PharmaShots Interview: Impact of new regulations and trends in the medical device industry in India - interviews of Dr. Bina Naik and Dr. Ashish Indani during DIA Medical Device Conference 20

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PharmaShots Interview: Impact of new regulations and trends in the medical device industry in India - interviews of Dr. Bina Naik and Dr. Ashish Indani during DIA Medical Device Conference 20

The Medical Devices Conference was hosted by DIA India on 21st and 22nd February in collaboration with the Medical Technology Association of India (MTaI), AIC-AMTZ Medivalley Incubation Council and mDI Europa, is one of the largest gatherings of medical devices professionals in the region. The conference was focused on giving better insights into the challenges and opportunities in the design and developments of medical devices plus the techniques to increase the rates for the successful launch of medical devices from its pre-clinical strategies to the successful marketing of products.

Shiwani: Please highlight the impact of new regulations on the Medical Device Industry from a service provider view.

Dr. Naik: My area of expertise is with regards to the clinical investigation and clinical evaluation part of it. So, earlier there was no guidance about these aspects, but with the new MDR in place, we foresee a lot of requirements that are coming up in the post-market registry type of trials that we are anticipating. In a situation where we had no regulation, bring more devices under regulations is going to be helpful for the device manufacturing community as well as all other stakeholders and primarily I believe for the patients or the healthcare segment.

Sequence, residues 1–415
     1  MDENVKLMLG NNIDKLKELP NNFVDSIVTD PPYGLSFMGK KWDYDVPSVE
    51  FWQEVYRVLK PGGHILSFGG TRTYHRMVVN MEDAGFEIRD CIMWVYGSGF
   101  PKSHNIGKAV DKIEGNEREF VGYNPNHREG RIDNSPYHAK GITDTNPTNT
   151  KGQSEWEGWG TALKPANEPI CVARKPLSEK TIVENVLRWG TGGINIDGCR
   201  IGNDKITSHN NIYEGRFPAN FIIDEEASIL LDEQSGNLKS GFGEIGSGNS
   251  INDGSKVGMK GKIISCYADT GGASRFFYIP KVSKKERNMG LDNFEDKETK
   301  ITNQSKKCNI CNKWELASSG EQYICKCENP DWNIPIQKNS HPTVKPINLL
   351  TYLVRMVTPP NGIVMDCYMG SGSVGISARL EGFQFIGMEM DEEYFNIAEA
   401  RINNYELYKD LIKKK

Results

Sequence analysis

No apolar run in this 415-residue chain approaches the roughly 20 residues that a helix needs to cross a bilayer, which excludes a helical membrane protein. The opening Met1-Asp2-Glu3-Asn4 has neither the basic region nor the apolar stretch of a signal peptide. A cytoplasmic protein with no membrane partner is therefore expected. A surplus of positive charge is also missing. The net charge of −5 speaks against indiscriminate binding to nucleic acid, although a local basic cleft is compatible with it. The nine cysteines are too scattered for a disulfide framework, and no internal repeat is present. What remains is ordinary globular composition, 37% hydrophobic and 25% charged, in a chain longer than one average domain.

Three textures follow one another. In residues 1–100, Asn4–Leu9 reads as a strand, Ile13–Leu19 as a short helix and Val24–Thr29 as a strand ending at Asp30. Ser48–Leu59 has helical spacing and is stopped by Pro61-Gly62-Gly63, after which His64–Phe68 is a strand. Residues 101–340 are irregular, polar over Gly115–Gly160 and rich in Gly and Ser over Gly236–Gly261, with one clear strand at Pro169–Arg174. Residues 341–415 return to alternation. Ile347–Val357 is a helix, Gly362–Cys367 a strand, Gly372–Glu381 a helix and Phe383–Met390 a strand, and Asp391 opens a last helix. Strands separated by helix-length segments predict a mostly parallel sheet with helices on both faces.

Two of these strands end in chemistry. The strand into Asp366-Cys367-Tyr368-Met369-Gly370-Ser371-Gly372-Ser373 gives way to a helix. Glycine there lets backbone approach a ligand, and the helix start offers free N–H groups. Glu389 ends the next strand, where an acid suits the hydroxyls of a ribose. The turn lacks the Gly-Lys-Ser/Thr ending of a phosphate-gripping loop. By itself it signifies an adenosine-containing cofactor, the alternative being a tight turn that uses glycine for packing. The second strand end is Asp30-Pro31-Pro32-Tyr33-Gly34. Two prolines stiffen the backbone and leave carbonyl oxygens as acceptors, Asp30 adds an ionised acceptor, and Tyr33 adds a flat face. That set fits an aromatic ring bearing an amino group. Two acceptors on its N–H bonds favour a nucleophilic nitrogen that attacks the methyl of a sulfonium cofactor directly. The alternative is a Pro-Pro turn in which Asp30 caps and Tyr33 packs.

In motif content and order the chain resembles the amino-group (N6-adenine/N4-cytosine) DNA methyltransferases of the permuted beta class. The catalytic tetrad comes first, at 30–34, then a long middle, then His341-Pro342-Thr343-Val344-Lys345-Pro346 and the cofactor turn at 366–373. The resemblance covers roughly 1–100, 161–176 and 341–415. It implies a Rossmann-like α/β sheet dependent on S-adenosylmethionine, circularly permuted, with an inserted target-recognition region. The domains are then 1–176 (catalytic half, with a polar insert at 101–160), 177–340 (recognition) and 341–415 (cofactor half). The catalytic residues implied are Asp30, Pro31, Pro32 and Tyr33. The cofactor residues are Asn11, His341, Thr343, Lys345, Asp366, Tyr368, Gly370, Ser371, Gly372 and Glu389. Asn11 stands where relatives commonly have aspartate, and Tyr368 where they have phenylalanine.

Shiwani: Can you also provide us some insights and trends in the Medical Device Industry in India?

Dr. Naik: Talking about the trends in the medical device industry in India has a mix of both, the multinational players and the domestic players. Multinational players by default have always been adherent to the quality aspects because they have been also present in the international and the regulated market. Now the domestic manufacturers will have to re-evaluate quality systems and they will have to demonstrate that they are following the quality-related aspects in their manufacturing process which is a welcome step for the market. The changes in the regulatory scenario will truly help to showcase the capabilities and in bringing out the quality of the device.

Shiwani: Will the economy be affected by the upcoming regulation in the Medical Devices industry?

Dr. Naik: I don't think so. I think the prices are controlled by a different authority in the govt. of India and I don't think that MDR will have any impact or it will directly be related to the price lifting. I think they are two independent activities, price control will raise more from the point of view of raising the masses especially those patients and population who are not able to afford the medical devices which are relatively costly and they are a burden to the family. As a doctor, I have seen people sell their properties and homes so that they can treat their loved ones. Price control to a large extent will make sure that the devices are rationally priced.  

Shiwani: Give some highlights on the new upcoming regulations global as well as from India. What will be its effect on upcoming regulations in the medical device industry?